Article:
It could have been even worse for the Black Cats, who needed keeper Vito Mannone to keep out a glancing header from team-mate Cabral and enjoyed a rare slice of good fortune when striker Izale McLeod fired just wide inside a turbulent opening 20 minutes.
But they did fall further behind within 10 minutes of the restart when Izale McLeod produced the cheekiest of finishes to extend his side's lead and put them within touching distance of victory.
A much-changed Sunderland, who misfired badly for much of the contest, gave themselves a lifeline with 12 minutes remaining when Jozy Altidore made the most of Wickham's through-ball to claim his first goal for the club, but the fireworks had only just begun.
Wickham dashed MK Dons' hopes of hanging on to their lead when he converted full-back Ondrej Celustka's cross four minutes from time and the tie looked to be heading into extra-time.
But the Ipswich striker snatched even that crumb of comfort from Karl Robinson's men when his 89th-minute shot deflected off defender Ben Reeves and flew past wrong-footed keeper Ian McLoughlin.
In the space of 11 minutes, the mood inside the Stadium of Light had altered dramatically, and there was more to come for the home fans six minutes into added time when Adam Johnson cut in from the right and drilled home a fourth from the tightest of angles.
Writing in his programme notes before the game, Di Canio, who had earlier forecast that his team would face a difficult test against a strong League One side, voiced the opinion that "to change six or seven players is too much", and then promptly made six changes to the side which drew 1-1 at Southampton at the weekend.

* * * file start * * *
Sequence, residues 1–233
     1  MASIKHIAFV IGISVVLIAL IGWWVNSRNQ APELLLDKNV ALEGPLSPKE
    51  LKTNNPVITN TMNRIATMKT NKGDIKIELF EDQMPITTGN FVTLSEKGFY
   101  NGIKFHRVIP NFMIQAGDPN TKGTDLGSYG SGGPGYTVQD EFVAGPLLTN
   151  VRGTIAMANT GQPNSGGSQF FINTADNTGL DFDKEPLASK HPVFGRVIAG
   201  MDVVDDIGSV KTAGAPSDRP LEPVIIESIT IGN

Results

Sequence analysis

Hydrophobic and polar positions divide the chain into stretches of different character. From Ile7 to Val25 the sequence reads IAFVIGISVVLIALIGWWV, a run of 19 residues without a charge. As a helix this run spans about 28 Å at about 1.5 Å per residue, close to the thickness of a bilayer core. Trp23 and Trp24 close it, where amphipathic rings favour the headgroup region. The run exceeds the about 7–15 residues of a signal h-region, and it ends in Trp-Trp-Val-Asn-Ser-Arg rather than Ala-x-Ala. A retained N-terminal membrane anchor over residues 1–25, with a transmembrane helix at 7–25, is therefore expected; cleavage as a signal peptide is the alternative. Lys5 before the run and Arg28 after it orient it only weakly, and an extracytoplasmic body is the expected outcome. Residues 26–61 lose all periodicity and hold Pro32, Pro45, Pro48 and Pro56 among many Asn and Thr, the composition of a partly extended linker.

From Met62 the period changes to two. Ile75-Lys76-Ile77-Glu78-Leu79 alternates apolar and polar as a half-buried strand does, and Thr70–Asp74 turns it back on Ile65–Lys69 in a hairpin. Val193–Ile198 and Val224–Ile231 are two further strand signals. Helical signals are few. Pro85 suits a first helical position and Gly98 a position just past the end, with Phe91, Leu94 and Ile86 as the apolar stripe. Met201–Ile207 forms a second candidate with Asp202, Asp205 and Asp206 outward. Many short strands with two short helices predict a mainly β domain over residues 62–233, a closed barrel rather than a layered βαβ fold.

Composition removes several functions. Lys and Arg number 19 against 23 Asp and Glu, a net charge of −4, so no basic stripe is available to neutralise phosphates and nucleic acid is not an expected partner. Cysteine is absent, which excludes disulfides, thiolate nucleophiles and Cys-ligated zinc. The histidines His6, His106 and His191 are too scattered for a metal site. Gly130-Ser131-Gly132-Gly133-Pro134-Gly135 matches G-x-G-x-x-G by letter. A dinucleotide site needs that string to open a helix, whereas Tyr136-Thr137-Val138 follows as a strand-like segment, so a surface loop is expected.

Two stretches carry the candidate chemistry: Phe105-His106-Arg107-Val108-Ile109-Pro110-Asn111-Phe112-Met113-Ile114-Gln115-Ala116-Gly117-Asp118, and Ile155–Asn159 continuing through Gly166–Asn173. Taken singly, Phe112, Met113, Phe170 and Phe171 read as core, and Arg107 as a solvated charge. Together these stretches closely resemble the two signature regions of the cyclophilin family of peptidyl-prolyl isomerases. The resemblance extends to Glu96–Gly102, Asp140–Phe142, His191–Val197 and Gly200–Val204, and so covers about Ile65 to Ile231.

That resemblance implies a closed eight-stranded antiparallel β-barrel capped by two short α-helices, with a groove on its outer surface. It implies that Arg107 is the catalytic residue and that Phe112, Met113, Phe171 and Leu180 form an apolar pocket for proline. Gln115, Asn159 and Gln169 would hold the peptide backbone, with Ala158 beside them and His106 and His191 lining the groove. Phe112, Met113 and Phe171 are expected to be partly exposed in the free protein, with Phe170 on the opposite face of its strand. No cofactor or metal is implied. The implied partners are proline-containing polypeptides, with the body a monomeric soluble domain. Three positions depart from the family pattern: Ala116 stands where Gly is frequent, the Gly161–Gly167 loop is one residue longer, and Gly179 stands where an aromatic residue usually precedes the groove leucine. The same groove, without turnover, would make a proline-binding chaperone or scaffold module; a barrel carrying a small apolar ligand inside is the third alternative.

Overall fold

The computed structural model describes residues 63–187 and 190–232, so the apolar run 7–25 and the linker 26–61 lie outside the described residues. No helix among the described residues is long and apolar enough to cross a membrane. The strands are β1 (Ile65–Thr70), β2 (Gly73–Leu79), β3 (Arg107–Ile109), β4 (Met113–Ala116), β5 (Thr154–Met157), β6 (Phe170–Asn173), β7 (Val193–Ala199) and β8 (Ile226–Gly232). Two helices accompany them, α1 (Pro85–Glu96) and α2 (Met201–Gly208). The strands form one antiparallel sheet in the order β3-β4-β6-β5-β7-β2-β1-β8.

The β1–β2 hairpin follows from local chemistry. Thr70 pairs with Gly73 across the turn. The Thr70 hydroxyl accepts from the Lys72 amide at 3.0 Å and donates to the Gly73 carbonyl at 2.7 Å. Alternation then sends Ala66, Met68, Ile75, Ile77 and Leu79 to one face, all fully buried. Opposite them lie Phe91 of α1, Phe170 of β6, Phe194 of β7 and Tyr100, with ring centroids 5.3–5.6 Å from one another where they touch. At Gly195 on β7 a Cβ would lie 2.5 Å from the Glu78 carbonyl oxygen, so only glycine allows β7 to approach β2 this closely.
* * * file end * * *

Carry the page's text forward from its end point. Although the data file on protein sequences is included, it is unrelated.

He may have wished he could overhaul significantly once again at the break after seeing the Black Cats play second fiddle to the visitors for long periods.
Indeed, having taken a seventh-minute lead when Bamford accepted Dele Alli's pass, switched it to his left foot and then smashed a long-range effort past debutant Mannone, they threatened to increase it on more than one occasion.
For their part, Sunderland created little of note, despite right winger Johnson and striker Altidore causing problems, with midfielder David Moberg-Karlsson and Ji in particular struggling to make an impact.
But the Swede might have marked his first competitive appearance with an equaliser after Altidore's 44th-minute shot had come back off a post, only to miss his kick and then head tamely at keeper Ian McLoughlin from the rebound.
Whatever he said in the dressing room at half-time, Di Canio sent out the same 11 men for the second half and saw them almost fall further behind with barely a minutes played.
Bamford caused problems down the right once again before laying the ball off for skipper Gleeson to blast a right-foot drive inches over the angle of crossbar and post.
Ji's departure was far from mourned by the home fans, but things took an even uglier turn for the home side within six minutes when Samir Carruthers pounced on Cabral's loose ball to play McLeod through the heart of a static defence and he raced away before audaciously chipping over the advancing Mannone and into the empty net to make it 2-0.
But, having seen Moberg-Karlsson and Wickham pass up glorious opportunities, Altidore struck to spark the late onslaught before handing to the baton to Wickham to win the game.
Johnson's injury-time strike served to erase the memories of much of what had gone before as Sunderland claimed a first victory of the season by inflicting the visitors' opening defeat.
Sunderland Fixtures ...
Saturday August 3117:30 Premier League Crystal Palace v Sunderland
Saturday September 1415:00 Premier League Sunderland v Arsenal
Saturday September 2115:00 Premier League West Brom v Sunderland
Sunday September 2916:00 Premier League Sunderland v Liverpool